My mother, although multi-talented, had an aversion to the kitchen and has often said that I learned to cook at an early age “out of self-defense.” When she made chicken à l'orange by smearing a chicken with powdered Tang, I quickly developed a necessary passion for creating tasty things to eat. Somewhere in the family photograph album is a picture of me at the stove, age ten, happily stirring marinara sauce.

I developed a lifelong fascination with food; good food. There was even a foray of working as a chef’s assistant at a French restaurant during my mid twenties, just for fun. I had always loved watching Julia Child and knew that Mastering the Art of French Cooking was to be revered. It wasn’t until I read her biography (long before the Julie & Julia movie) that I really became fascinated with her work. From that book, I decided to prepare her recipe for mayonnaise.

Upon tasting it, I wept. . . .

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Monday, October 18, 2010

Bavarois au Chocolat Blanc - White Chocolate Bavarian Cream

On Saturday night, I had four friends over for another Julia Child meal. I knew that my friend, John, really likes Julia’s boeuf Bourguignon, so that was definitely on the menu. Besides, it’s easy to serve; no fiddly last-minute sauces to prepare.

Here’s a table setting.

Yes, I had a course in napkin folding when I went to restaurant management/cooking school many years ago. This one, the “artichoke fold” is the only one I remember.

John's wife, Carla, has to have salad with every meal and here’s one of our favorites: Spinach with grape tomatoes, mangoes, with an orange-balsamic vinaigrette. Besides, I really like the primary colors of red and yellow on my blue plates.

And here you go: Heaven on a plate. Julia’s boeuf Bourguignon and asparagus with Julia’s beurre blanc.
Incidentally, beurre blanc tastes fantastic on boeuf Bouguignon. I don't know if it's ever been served that way; perhaps I'm just being an obscene American, but maybe it should.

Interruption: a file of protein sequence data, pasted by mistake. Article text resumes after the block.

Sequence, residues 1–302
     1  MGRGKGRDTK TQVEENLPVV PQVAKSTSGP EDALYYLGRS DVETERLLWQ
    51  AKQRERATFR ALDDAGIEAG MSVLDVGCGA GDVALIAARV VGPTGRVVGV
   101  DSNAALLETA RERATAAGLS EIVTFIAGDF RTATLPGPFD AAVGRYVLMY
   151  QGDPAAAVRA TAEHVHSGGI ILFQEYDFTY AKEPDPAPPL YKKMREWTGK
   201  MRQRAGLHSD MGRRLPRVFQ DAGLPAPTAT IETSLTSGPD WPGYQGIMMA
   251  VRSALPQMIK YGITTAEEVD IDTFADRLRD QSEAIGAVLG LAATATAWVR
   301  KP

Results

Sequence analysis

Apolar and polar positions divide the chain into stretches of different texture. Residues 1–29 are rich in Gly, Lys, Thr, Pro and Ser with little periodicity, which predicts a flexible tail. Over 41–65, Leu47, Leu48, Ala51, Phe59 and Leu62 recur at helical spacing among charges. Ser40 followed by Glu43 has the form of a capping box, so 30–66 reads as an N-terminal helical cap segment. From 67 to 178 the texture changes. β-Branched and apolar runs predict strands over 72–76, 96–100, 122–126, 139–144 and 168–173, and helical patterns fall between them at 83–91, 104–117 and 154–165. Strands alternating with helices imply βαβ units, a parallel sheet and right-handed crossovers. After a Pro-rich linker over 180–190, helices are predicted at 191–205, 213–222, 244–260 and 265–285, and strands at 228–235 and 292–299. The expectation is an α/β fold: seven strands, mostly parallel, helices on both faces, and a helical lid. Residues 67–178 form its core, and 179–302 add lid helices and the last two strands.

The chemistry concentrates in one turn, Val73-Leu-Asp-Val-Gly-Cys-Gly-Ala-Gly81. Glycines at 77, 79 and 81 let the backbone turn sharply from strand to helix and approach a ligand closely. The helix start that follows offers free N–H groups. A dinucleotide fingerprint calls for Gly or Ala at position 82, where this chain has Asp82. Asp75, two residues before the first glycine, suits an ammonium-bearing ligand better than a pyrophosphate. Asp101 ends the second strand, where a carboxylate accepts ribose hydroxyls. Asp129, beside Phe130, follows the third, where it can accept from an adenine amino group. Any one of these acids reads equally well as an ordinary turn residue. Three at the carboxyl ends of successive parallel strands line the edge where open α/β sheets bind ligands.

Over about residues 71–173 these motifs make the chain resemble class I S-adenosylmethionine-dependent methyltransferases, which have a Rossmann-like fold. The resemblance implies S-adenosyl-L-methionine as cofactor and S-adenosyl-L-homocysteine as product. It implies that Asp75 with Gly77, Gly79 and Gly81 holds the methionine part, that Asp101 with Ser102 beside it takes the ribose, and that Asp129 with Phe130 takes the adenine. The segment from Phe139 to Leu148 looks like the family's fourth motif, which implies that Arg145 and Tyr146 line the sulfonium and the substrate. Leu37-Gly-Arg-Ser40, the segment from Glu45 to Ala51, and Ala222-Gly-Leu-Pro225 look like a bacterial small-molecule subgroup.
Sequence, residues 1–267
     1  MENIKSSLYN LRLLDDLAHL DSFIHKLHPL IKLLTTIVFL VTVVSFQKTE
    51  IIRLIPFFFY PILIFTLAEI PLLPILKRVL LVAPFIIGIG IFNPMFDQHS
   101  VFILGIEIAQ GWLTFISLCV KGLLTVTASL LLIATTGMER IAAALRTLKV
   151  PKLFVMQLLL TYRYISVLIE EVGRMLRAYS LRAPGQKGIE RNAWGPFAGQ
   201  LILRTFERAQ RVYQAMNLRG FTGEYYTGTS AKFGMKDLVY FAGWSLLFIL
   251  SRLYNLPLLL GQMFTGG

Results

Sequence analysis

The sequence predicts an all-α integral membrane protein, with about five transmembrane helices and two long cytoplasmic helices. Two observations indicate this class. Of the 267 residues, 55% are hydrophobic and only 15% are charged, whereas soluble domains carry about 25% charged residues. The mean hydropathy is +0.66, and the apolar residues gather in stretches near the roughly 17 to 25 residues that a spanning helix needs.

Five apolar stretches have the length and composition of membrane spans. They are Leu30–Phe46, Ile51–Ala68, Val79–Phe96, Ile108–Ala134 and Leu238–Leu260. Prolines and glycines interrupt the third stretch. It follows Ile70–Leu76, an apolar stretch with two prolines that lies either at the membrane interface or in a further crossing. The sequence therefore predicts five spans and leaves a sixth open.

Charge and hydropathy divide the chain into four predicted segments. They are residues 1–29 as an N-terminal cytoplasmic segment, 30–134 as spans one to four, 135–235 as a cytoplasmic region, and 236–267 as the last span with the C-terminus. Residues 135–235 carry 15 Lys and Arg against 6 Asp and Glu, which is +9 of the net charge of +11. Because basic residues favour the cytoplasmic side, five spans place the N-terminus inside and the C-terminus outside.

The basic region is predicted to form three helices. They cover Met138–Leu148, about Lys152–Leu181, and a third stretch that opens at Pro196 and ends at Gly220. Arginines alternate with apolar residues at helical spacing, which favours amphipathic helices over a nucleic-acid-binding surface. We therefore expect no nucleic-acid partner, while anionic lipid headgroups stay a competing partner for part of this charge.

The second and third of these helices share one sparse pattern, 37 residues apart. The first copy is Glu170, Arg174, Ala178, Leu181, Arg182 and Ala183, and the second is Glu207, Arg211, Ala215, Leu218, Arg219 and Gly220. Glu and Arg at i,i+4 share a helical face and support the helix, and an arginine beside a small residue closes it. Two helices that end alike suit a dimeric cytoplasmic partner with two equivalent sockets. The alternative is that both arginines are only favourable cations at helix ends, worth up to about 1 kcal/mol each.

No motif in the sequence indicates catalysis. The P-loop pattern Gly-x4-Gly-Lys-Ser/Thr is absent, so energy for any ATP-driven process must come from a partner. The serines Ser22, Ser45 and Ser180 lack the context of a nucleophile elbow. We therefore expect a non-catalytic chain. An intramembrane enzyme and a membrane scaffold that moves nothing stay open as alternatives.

Dessert was my favorite (something you’ll rarely hear me say.) I’ve been preparing Julia’s Bavarian creams in all their variations: Orange, strawberry, plain, almond praline, and chocolate. There were no more variations left in Mastering the Art of French Cooking. I had done 'em all.

My favorite cookie is a white chocolate macadamia nut cookie – why not make a white chocolate macadamia nut Bavarian cream?

I melted lots of white chocolate into the custard which became the Bavarian cream. For the topping, toasted macadamia nuts went into the whipped cream. Here it is.

Perhaps I need to figure out a way to make it more presentable. This sort of has a Rachel Ray glop-n-slop thing going on here. Next time, I’ll pipe the whipped cream around the sides and mound the nuts on top.

But, holeee COW this was incredible! Somehow the white chocolate caused the Bavarian cream to have a double layer. One layer was fluffy, as it should be, and a larger layer was thick and custardy with white chocolate. It's definitely my favorite dessert now.

Now this is what I love. After making all five types of Julia's Bavarian creams, I can honestly say that she taught me how to make a Bavarian cream. Now that I had Mastered the Art of Bavarian creams, it was time to venture out on my own.

So, here's the recipe for Bavarois au Chocolat Blanc:

2 Pkgs gelatin
1/2 cup warm milk

Scatter the gelatin over the warm milk. Stir until dissolved.

7 egg yolks
1 cup granulated sugar

Gradually beat in the sugar into the egg yolks and continue beating for 2 to 3 minutes until mixture is pale yellow and forms a ribbon.

1 1/2 cups boiling milk
8 oz. white chocolate chips (2/3 pkg)
2 tsp vanilla

Beat the milk in a thin stream of droplets into the egg yolk mixture. Pour into a large saucepan and set over moderate heat. Stir with a rubber spatula until mixture thickens enough to coat the spoon lightly. Do not overheat or egg yolks will scramble. Remove from heat and immediately add the milk and gelatin mixture, white chocolate chips and vanilla, stirring until the gelatin and chocolate have dissolved completely.

5 egg whites
Pinch of salt
1 Tb granulated sugar
Large bowl of ice.

Beat the egg whites and salt until soft peaks are formed; sprinkle on the sugar and beat until stiff peaks are formed. Using a rubber spatula, fold the egg whites into the hot custard. Set over the ice. Fold delicately with the spatula frequently while mixture is cooling to keep it from separating. When cold and almost but not quite set, proceed with the recipe.

1/2 cup chilled whipping cream

Beat the cream over the preceding bowl of ice with a balloon whisk until it has doubled in volume. Fold in the whipped cream into the custard. Line a 9-inch springform cake tin with plastic wrap, leaving extra plastic wrap over the sides. Pour the mixture into the tin, gently place the overhanging plastic wrap over the mixture and refrigerate for 4 hours or overnight.

1 cup chilled whipping cream
1/4 cup granulated sugar
1 cup toasted macadamia nuts, chopped.

Beat the cream as before, adding the sugar halfway during the process and fold in the chopped nuts once the cream is fully whipped. Unmold the chilled Bavarian cream on a serving platter. Spread the whipped cream and nut mixture over the top and serve.

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